Thrill-seeking families might prefer a rendezvous down under with some of the planet’s most majestic (and ferocious) creatures—crocodiles. At Crocosaurus Cove in Darwin, Australia, park-goers can see the reptiles up close in the Cage of Death, or choose to tease and taunt baby crocs the old-fashioned way—with bait.

    So forget the roller coasters, magic castles, and fuzzy rodents, and tour our list of the world’s strangest theme parks—it’s a different kind of small world, after all.
    Here's a good one:
    Suoi Tien Park, Vietnam
    Located on a sacred site, this righteous park is meant to simulate Buddhist heaven. Filled with godlike statues (a one-acre-round giant frog, a 300-ton dragon head), it also features an aquarium, 1,500 crocodiles (symbols of victory) in its Crocodile Kingdom, and a Secrets of the Sorcerers Jungle, where visitors encounter evil ogres, monsters, and larger-than-life scorpions (symbols of transformation).

    Best of the Strange: Unicorn Palace (a.k.a. 18 Gates of Hell) may sound innocuous, but the mythic creatures are actually gatekeepers to the underworld. The freezing dungeon-like complex includes screams, murder tableaux, and repentant tourists.
    Another destination spot:
    Shijingshan Amusement Park, Beijing
    At this trademark-skirting park in western Beijing—where a banner over the entrance proclaims: “Disneyland is too far”—there’s a replica of Sleeping Beauty’s castle (with less sparkle and more Communist-brick realism); live character doppelgangers of Shrek, Donald Duck, and Minnie Mouse; and even a copy of Epcot’s dimpled globe. Opened in 1986, the park caught Disney’s attention for its infringements only in 2007.

    Best of the Strange: The copycatting is not limited to Disney icons; Hello Kitty knockoffs often mingle with Loony Tunes’s Bugs Bunny.
    And of course, our star attraction:
    Dwarf Empire, Kunming, China
    Located on a hilltop in southern China and opened in September 2009, this pint-size park is almost entirely staffed—from entertainers to janitors—by people less than four feet tall. The 100 or so employees live in miniature domed houses and eat on site, but this is no utopia: the for-profit enterprise puts on costumed spectacles (think break dancing, ballet, and gourd instruments) for the hundreds of tourists who flood the place daily.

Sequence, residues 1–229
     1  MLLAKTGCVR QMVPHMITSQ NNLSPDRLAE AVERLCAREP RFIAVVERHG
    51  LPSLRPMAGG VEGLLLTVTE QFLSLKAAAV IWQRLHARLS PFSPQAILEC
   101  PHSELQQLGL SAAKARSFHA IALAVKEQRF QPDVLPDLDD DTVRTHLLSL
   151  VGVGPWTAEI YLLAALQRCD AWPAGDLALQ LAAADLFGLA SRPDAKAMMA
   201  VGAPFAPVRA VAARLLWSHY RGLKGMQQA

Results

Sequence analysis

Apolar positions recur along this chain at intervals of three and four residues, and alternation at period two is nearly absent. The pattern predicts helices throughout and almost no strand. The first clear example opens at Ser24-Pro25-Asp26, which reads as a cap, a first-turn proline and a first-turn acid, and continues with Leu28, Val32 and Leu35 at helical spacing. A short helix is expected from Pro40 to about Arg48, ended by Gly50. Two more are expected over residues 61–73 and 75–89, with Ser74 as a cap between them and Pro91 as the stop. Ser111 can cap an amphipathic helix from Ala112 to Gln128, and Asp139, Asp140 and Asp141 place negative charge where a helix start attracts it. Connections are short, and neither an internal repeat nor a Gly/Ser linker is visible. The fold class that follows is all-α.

Best of the Strange: The small town operates like it is, in fact, an empire, complete with an empress and emperor who oversee the commune’s parliament.
    Gene Ching
    Author of Shaolin Trips
    Support our forum by getting your gear at MartialArtSmart

  6. #6
    Join Date
    Jan 1970
    Fremont, CA, U.S.A.

    ttt 4 2012

    There's more photos and an 11 min vid if you follow the link.
    By Paul ****erton
    17 Apr 2012 18:15
    Dwarf Empire: The controversial theme park where little people put on shows for tourists

    Twice a day the residents put on costumes and perform a variety show which could involve acrobatics, sport, singing and dancing

    Dressed to impress: Performers ready to put on a show
    Barcroft Media

    These pictures were taken inside the Dwarf Empire, a controversial theme park where more than 100 dwarves live and put on shows for tourists.

    The commune, which is overseen by an emperor, an empress and a parliament, was built in 2009 in Kunming in southwestern China.

    At 10.30am and 3.30pm every day, the residents put on costumes and perform a variety show for visitors, which could involve acrobatics, sport, singing and dancing.

    The residents, who range between two feet and just over four feet in size, are drawn from all across China and live in small mushroom-shaped houses.
    Many Western tourists are said to feel uneasy about visiting the Dwarf Empire, fearing that it is exploitative.

    As Matt Poulter of website eChinacities wrote: "Is Dwarf Empire providing its employees with a legitimate means of earning their living, or is it just exploiting them and cashing in on the fact that they are dwarves?

    "Well, probably a bit of both is our conclusion after visiting."

    But theme park bosses pointed out to Chris Horton of the Go Kunming website that dwarves working at the park are paid better than university graduates in nearby Kunming can command.
    Gene Ching
    Author of Shaolin Trips
    Support our forum by getting your gear at MartialArtSmart